So we went to the theater Friday night fully prepared to be disappointed – they couldn’t possibly top two 10s. We’d get a 7 at best. Maybe an 8.
Nope, we got another 10. I didn’t think it was possible to make a remake of The Wicker Man and Point Break simultaniously. Not to mention including Edward Woodward – who, despite our reviewer’s opinion, American audiences should quite well remember.
I have been reminded some other pages were still missing from the site – Formal Rants and also Fiction. This is further evidence of how scatter-brained I am. I thought the rants were lost at first, but I fortunately found a backup.
A few panels on Harry Potter at PCA/ACA reminded me briefly of the old arguments in the Potter-Taran Treatise. I didn’t think of it at the time, but if I were in another discipline, it would be the genesis of an article. Such musing will have to wait until Book 7, when a more complete case can be made. Given the events of 6, I think almost all of my original points still stand. The only argument that has been weakened somewhat concerns Draco, who turned out to be not completely evil after all – and now more closely resembles Ellidyr, the Prince of Pen-Laurau, another troubled lad.
Ong’s R,R, and T has been sitting on my desk for a month. I can’t even remember the cite that I checked it out for anymore, though I’m positive it referred to the late chapter on Romantic Difference and Technology.
When I was in Boston, though, one of the few attendees at our panel mentioned my presentation reminded him of some work by Frye and Ong, and he mentioned this book in particular. So I read it after I got back in one burst.
The book is a hodgepodge of small studies – one on Tudor rhetoric, another on primary vs. secondary orality, another on the pedagogy of Peter Ramus and his followers, a nice essay on Swift, quite a few on poetry, but they are all linked together by the intro and the last few chapters. One is the aforementioned one on the rise of romance and technology (which reminds me a lot of Robert Connors’ account of composition history), the penultimate one is on orality, and the last on a ‘crisis in the humanities’.
Summarizing this book is difficult. There are so many allusions and sweeping statements. It’s a keeper, though. I could say his main point is that rhetoric has changed quite a bit, and mostly due to pressure from newly introduced technologies – writing, printing press, tv, radio, etc – from an original ‘primary orality’ base – rather than from any great insights into communication. Understanding these shifts and why they happened is of great historical and practical interest, I believe Ong is saying, as we are in the middle of yet another shift in the humanities, with the rise of a large ‘secondary orality’ that modern educational systems, including colleges, based on past models, don’t quite understand. No wonder his interest in Ramus! For 1971, he seems to have something like the Internet looming in the background – yet another technology waiting in the wings to refine rhetoric in its own image.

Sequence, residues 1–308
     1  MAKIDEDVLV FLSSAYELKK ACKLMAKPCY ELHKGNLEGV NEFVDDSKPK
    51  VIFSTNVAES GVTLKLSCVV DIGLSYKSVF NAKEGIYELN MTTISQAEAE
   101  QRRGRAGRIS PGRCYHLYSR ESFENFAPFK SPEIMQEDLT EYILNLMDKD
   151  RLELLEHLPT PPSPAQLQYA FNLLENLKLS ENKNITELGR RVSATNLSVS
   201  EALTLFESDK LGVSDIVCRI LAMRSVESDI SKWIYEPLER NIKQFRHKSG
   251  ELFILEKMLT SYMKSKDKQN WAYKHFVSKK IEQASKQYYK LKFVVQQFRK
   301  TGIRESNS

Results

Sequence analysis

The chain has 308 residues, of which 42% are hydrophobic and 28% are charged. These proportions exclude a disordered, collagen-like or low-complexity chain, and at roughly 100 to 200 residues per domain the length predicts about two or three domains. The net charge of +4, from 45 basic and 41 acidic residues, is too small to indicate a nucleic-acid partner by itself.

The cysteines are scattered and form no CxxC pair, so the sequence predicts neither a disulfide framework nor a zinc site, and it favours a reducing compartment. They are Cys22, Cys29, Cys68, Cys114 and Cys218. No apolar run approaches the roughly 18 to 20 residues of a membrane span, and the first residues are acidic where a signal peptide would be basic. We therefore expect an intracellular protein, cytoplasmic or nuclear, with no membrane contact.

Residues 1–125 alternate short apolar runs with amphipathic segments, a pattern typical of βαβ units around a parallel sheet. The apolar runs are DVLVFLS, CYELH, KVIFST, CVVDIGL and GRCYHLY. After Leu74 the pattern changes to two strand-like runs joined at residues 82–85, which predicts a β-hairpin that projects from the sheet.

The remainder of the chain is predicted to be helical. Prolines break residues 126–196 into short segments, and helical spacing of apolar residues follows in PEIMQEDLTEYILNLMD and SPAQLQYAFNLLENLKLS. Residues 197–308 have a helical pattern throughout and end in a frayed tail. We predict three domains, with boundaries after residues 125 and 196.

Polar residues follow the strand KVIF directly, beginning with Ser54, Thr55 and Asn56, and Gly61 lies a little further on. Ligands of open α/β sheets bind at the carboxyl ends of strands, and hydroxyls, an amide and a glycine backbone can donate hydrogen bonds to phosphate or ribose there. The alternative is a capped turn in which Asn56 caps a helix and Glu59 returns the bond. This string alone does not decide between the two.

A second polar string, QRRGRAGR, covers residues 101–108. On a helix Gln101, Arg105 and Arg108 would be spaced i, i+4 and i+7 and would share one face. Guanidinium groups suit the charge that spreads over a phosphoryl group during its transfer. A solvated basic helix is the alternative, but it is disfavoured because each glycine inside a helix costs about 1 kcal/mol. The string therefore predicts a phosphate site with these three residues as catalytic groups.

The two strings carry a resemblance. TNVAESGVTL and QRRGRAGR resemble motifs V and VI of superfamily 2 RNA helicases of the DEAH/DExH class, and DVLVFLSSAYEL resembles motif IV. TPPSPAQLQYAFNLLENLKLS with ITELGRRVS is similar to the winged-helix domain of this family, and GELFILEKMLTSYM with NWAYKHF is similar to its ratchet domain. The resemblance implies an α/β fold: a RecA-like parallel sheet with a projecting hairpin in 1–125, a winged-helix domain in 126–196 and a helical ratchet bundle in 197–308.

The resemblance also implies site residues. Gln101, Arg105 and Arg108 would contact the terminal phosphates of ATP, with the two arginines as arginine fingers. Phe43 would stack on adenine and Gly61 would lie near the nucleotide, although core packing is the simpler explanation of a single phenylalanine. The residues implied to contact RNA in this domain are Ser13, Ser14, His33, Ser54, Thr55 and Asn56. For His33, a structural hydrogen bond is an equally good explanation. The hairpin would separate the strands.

So how does Ong’s book fit with what I was doing with agricultural metaphor? Well, I think I said something along the lines that humans are hardcoded for metaphors involving eating communally. It is a ‘technology,’ in a sense, that we are all intimately familiar with. Also, in an agrarian Palestine dominated by state control, metaphors involving agriculture and one-sided interactions between the wealthy and the poor would click right away – and be remembered more easily.
Ong has a similar ‘technology’ that he likes to trot out – Latin and Greek, with more emphasis on Latin. Latin instruction might not even be used by most Renaissance pupils, but it created not only a rite of passage for young boys (Ramus again) but it gave them a body of knowledge that made them 15-year-old master of arts elites, especially in a world where nearly all academic discourse was in Latin. Not all ‘technology’, in the way Ong uses the word, is gadgetry, in our modern sense. Literary itself is technology, too. And rises in technology change the way that rhetoric is viewed and used.
I think my memory buffer has overflowed on Ong. Several of those chapters need rereading. I feel I’m missing several key points that I understood initially but have since slipped away.
Memory is one of the five canons of ancient oral rhetoric – the others being invention, arrangement, style, and delivery, not necessarily in that order. Their relative popularity seems to ebb and flow – delivery had a high point in the 19th century with an elocutionary fad, for example, and accounting for invention was the prime focus of much of composition studies in the ’70s. Style, of course, has been fractured into a billion pieces, and arrangement left to vagaries and formulas.